New research has found a protein that may cause pancreatic cells--the cells that produce insulin--to regenerate. Type 1 diabetes destroys these important cells, making people who live with type 1 diabetes insulin dependent.
Researchers presented findings of a specific agent and a protein which appears to cause regeneration of defunct pancreatic cells at the annual conference of the American Diabetes Association.
This is good news for type 1 diabetics. They are the individuals who have an autoimmune reaction which eventually destroys the insulin producing cells of the pancreas. Type 2 diabetics are more subject to environmental and lifestyle influences, although many have a genetic disposition for diabetes.
The research is in its infancy. So far, scientists have only studied the protein in mice as the subjects. Autoimmunity, as in cases of type 1 diabetes, means the body attacks itself and causes destructive inflammation. Scientists used lisofylline (LSF) with islet neogenesis-associated protein (INGAP) to work against inflammation and control immune responses. INGAP is a protein in the pancreas which has been shown to cause new cell growth with functional insulin production.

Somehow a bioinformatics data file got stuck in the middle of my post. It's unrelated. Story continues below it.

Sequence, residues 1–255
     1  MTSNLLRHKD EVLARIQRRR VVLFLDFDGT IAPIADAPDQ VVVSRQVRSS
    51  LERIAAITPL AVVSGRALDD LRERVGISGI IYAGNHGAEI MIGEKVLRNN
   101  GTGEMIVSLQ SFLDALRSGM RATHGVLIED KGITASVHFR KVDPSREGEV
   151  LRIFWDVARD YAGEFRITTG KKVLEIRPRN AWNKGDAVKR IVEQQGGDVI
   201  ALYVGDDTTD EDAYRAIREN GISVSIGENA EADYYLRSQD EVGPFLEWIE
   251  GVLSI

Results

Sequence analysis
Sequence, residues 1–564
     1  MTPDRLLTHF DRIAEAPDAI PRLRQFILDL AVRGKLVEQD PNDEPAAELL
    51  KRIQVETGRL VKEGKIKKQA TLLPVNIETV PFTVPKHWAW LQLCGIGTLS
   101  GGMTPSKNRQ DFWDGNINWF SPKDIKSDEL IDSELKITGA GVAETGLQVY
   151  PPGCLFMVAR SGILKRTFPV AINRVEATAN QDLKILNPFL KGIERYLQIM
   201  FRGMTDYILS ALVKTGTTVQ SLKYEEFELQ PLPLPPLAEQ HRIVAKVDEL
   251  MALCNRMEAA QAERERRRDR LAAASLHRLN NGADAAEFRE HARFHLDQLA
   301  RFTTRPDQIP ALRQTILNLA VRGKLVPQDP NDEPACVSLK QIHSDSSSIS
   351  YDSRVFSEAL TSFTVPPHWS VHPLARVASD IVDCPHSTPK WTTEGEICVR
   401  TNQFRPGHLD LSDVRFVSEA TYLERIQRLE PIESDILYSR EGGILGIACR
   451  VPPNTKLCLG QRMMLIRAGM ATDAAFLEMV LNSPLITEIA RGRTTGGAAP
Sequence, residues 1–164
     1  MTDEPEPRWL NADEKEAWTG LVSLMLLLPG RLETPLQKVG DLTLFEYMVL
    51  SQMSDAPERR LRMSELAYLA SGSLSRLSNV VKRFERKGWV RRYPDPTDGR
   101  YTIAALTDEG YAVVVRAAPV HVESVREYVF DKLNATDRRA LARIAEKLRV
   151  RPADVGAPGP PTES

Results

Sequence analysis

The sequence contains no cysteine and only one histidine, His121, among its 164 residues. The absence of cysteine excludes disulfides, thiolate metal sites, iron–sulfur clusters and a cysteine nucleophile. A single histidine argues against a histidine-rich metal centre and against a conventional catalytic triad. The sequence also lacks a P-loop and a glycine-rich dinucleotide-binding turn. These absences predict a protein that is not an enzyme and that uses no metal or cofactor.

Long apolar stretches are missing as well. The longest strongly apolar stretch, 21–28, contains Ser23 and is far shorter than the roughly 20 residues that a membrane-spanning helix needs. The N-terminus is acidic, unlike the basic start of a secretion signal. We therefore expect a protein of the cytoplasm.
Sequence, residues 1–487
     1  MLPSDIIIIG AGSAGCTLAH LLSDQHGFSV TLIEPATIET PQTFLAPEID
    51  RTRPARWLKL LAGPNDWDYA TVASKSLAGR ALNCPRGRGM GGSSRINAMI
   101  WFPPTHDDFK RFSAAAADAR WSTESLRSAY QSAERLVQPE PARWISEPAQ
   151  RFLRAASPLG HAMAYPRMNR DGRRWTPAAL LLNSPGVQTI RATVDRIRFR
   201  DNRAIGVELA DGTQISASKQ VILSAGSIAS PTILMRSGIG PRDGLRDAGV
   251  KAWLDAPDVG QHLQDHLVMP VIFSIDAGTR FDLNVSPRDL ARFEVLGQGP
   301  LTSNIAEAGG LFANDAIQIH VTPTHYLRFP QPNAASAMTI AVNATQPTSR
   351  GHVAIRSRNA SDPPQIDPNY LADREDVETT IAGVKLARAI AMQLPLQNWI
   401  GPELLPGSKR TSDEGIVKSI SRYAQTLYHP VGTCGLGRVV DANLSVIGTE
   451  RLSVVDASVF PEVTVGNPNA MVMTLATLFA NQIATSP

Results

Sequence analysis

The pancreas is the organ which produces insulin. Insulin drives glucose into the body’s cells, giving the body energy. Without insulin, glucose circulates in the blood without providing the required nourishment to the muscles or brain. Type 1 diabetes progresses rather rapidly; approximately 90 percent of the beta cells that produce insluin need be destroyed before it becomes clinically evident
Type 2 diabetics produce insulin but not enough to overcome insulin resistance in peripheral tissue. These patients do well on oral agents which stimulate the pancreas into greater production.
From what we can see with this one study, there is a great deal of potential when it gets to human trials. Is it around the corner? No. This was one study out of many which will have to be duplicated before the appropriate human dosing and testing may be derived. It does, however, confirm the long-held hypothesis of inflammation and autoimmunity being the root pathology or cause of the disease. In the future, perhaps patients will only need one dose of the medication a month or week or never! We don’t know how long the results will last, nor if it will work on human physiology. However, it certainly gives us hope.